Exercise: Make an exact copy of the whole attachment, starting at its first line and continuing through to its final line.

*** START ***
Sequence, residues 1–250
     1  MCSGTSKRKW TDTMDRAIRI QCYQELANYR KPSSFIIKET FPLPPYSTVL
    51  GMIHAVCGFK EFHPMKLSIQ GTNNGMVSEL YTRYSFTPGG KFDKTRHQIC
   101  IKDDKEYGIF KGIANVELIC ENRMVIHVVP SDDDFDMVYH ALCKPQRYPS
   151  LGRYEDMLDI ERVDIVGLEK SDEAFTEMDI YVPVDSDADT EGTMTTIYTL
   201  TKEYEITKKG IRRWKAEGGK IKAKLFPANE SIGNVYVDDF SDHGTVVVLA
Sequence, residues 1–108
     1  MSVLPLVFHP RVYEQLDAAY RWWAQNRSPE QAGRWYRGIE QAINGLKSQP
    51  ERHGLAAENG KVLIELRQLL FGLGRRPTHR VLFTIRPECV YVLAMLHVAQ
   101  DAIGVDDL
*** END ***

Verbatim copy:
Sequence, residues 1–250
     1  MCSGTSKRKW TDTMDRAIRI QCYQELANYR KPSSFIIKET FPLPPYSTVL
    51  GMIHAVCGFK EFHPMKLSIQ GTNNGMVSEL YTRYSFTPGG KFDKTRHQIC
   101  IKDDKEYGIF KGIANVELIC ENRMVIHVVP SDDDFDMVYH ALCKPQRYPS
   151  LGRYEDMLDI ERVDIVGLEK SDEAFTEMDI YVPVDSDADT EGTMTTIYTL
   201  TKEYEITKKG IRRWKAEGGK IKAKLFPANE SIGNVYVDDF SDHGTVVVLA
Sequence, residues 1–108
     1  MSVLPLVFHP RVYEQLDAAY RWWAQNRSPE QAGRWYRGIE QAINGLKSQP
    51  ERHGLAAENG KVLIELRQLL FGLGRRPTHR VLFTIRPECV YVLAMLHVAQ
   101  DAIGVDDL